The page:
5. Star Wars: The Force Awakens

The primary reason that Star Wars: The Force Awakens, the Episode VII of the Star Wars saga, wasn’t released until over 30 years after its predecessor Return of the Jedi, the Episode VI of the saga, was that there wasn’t even supposed to be an Episode VII.

If George Lucas had retained the rights to Star Wars and not sold it for $4.5 billion to Disney, then Return of the Jedi would’ve been the end of the story. But Lucas got dollar signs in his eyes and sold off his entire legacy.

Of course, after spending $4.5 billion, Disney wanted to see some return for their investment. Since then, they’ve been releasing Star Wars movies non-stop, starting with the highly anticipated, critically acclaimed, Oscar-nominated J.J. Abrams-nostalgia-fest The Force Awakens.

4. The Godfather Part III

The Godfather Part III was not released until 16 years after its predecessor The Godfather Part II, which along with the original Godfather, is lauded by critics and audiences. They are consistently ranked among the greatest movies ever made.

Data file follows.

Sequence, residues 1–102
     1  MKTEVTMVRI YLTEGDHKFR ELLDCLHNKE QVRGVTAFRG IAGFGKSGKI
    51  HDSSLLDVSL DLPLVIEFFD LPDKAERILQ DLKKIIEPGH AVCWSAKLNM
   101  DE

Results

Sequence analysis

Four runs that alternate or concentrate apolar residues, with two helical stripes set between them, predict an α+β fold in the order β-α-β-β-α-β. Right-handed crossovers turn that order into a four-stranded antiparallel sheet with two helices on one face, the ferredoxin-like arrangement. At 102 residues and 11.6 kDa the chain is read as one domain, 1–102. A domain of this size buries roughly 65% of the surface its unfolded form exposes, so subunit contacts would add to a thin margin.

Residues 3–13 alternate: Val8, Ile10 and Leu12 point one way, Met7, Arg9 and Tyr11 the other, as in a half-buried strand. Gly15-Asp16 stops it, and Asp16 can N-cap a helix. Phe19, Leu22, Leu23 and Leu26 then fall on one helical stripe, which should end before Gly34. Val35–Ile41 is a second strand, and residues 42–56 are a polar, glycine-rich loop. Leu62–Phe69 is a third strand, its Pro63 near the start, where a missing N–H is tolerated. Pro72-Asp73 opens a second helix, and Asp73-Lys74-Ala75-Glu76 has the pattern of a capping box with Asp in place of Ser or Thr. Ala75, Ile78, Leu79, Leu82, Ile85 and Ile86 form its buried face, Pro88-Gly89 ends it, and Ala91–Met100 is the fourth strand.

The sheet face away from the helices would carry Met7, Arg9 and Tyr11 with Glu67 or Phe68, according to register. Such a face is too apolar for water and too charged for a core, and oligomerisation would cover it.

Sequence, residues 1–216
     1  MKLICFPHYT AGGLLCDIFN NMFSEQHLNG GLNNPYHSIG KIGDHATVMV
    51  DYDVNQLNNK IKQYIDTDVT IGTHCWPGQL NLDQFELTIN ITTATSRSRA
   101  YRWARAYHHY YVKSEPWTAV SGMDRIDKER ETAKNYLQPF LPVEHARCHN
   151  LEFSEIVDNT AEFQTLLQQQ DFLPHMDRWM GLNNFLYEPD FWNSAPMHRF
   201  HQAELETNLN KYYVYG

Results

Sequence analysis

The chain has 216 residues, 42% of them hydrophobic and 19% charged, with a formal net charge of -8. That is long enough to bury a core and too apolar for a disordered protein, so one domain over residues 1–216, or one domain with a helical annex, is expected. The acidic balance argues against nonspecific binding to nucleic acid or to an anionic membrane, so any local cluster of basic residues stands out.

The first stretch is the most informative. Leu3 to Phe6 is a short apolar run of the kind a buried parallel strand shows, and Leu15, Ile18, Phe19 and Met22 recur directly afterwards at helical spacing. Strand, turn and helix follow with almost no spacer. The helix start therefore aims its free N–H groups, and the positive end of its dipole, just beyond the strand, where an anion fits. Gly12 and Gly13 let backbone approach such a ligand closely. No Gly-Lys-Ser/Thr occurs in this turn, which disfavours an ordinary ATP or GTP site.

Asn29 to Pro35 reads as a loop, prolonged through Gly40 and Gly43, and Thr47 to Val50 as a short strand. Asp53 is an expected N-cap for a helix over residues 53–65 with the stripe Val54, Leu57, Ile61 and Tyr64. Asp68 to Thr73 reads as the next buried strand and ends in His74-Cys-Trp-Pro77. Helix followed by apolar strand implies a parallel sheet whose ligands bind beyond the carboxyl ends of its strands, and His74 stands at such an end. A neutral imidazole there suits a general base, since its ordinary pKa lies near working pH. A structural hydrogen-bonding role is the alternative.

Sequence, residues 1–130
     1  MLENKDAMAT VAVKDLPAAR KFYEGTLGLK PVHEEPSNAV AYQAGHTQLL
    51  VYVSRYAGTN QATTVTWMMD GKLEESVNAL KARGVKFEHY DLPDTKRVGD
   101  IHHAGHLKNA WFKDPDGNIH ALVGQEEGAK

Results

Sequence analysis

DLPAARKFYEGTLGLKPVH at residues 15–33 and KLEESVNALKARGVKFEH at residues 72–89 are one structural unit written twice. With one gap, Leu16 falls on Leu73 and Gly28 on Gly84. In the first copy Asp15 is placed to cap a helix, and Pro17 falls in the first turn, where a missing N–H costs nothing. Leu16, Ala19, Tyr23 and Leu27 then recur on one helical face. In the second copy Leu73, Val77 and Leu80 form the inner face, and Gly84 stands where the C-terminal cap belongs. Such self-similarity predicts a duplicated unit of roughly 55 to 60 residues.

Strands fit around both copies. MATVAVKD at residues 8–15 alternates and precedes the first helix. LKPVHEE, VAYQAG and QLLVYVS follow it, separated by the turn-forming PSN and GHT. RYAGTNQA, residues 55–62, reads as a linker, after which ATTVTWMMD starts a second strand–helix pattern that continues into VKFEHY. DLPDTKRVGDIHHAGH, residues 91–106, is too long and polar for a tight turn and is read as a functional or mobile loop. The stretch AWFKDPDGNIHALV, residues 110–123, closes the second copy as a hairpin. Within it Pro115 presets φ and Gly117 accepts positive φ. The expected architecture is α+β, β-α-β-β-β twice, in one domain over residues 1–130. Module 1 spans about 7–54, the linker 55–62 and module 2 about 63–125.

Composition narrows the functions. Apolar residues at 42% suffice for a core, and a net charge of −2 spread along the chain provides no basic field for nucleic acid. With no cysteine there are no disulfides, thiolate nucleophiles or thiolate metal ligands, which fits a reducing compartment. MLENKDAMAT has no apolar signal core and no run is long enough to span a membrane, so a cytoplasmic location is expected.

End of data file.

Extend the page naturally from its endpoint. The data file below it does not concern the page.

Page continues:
Paramount Pictures pushed director Francis Ford Coppola and writer Mario Puzo to complete the trilogy with a third Godfather movie. However, both Coppola and Puzo felt that the Michael Corleone saga stood perfectly as a two-film series and hesitated to do a third.

Even when they reluctantly agreed to do it, they didn’t want to call it The Godfather Part III, which created an expectation in audiences’ minds of a big, Return of the King-like trilogy capper that would be an epic send-off for Michael Corleone.

Instead, Coppola wanted to call it The Death of Michael Corleone, so that audiences would know that the story ended with Part II and that the third movie would just be an epilogue showing an older Michael’s attempts to go clean and remove himself from the world of organized crime.

However, the fans didn’t listen, the studio didn’t listen, and as a result, they were all disappointed by Part III. But what didn’t help was that Coppola cast his daughter who has no acting talent in the role that could’ve gone to a young, vibrant Winona Ryder.

3. Mad Max: Fury Road

George Miller made Mad Max, an action movie starring Mel Gibson as a cop in a world where oil and natural resources are running low, and then he made Mad Max 2: The Road Warrior, which revolutionized post-apocalyptic fiction by providing it with a vast, barren wasteland full of survivors who have turned dark.